Absolutely love it.
Murano is a brilliant game. A public action rondel that all players use to decide their action for the turn. The clever bit is that the rondel is seeded with several gondolas, and you can only move forward as far as there is not another gondola blocking you. You can mitigate this by paying coins to move other gondolas out of the way first, but this gets exceedingly expensive.
The goal of the game is to build shops, glass factories and palaces on the island of Murano in a mad dash to fulfill the most end game victory point conditions, which you obtain during the game. Thereby giving you new goals, and flexible choices through out keeping things interesting.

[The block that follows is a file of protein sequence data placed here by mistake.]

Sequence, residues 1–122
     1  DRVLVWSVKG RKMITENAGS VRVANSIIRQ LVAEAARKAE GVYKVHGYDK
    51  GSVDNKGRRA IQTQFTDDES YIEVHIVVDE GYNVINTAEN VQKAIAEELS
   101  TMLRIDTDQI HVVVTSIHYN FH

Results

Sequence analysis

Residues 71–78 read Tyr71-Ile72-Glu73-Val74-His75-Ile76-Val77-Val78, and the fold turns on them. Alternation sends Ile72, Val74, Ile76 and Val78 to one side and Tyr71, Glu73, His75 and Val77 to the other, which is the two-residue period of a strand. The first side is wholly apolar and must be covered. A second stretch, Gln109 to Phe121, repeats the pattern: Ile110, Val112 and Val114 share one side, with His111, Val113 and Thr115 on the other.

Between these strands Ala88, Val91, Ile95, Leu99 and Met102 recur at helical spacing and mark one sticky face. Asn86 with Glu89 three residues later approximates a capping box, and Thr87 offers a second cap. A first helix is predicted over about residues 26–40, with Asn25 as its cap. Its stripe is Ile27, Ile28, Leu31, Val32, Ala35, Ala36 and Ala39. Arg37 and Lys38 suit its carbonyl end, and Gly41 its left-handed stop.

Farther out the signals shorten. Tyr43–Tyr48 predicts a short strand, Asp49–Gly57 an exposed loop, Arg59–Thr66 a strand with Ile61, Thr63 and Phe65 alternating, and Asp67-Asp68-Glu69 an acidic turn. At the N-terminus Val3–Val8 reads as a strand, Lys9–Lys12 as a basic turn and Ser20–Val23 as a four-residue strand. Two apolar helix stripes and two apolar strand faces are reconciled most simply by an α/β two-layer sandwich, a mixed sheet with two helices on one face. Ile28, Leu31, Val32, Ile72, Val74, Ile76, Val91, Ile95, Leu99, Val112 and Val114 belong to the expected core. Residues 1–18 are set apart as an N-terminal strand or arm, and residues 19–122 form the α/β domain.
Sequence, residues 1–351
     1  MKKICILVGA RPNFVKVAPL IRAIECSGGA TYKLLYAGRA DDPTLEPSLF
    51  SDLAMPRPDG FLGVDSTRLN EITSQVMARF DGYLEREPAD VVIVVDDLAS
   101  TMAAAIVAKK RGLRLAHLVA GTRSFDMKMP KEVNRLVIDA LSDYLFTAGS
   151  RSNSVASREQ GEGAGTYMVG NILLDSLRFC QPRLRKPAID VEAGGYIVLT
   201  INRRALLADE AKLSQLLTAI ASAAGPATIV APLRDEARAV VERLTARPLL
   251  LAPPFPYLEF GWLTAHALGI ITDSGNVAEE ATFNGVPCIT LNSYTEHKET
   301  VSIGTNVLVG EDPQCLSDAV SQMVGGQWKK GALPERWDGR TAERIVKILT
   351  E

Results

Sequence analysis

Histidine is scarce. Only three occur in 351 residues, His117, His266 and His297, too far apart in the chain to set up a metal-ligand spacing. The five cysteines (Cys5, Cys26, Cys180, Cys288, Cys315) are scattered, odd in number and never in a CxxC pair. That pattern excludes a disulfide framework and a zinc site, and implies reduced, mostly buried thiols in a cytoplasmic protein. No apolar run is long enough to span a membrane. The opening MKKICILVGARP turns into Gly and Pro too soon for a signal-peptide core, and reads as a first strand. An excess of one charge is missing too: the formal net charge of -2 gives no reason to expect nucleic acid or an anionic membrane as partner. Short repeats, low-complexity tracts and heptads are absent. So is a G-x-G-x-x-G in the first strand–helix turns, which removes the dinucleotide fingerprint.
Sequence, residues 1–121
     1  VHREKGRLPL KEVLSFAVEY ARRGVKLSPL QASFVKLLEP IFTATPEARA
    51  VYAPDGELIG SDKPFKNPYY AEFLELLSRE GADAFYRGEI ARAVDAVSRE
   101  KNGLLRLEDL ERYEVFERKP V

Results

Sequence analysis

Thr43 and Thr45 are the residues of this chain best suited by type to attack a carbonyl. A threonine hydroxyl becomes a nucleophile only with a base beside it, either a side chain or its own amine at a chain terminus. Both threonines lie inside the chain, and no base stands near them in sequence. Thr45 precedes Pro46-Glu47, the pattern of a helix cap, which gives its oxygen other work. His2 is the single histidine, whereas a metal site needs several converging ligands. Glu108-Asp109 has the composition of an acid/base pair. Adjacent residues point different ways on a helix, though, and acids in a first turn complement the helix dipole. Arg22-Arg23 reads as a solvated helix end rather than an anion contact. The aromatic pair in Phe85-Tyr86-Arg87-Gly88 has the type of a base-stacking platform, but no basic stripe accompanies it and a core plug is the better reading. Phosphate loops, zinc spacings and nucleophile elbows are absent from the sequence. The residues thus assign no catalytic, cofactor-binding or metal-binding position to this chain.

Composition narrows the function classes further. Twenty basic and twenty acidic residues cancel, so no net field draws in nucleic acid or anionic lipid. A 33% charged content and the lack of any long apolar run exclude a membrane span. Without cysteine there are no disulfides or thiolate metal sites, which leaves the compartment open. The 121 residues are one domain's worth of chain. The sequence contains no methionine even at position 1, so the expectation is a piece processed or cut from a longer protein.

I can’t wait to get this one back to the table soon. It’s the kind of game that you think about when you aren’t playing.
As I’ve said in the past Kiesling is a great designer. Sanssouci is no exception. The game is on the lighter side of the spectrum which makes it perfect for playing with my youngest son Cameron.
In Sanssouci you are building several garden paths on an estate in order to help a row of nobles tour further into the garden. It’s quite simple, and the choices are very clear. However, the ways you can move the nobles deeper into the garden is where the planning and clever placement comes in.
Sanssouci is a keeper.
I’ve had Vasco da Gama on my game shelf since last Christmas, I purchased it as an add on to a preorder for another game in the What’s Your Game line.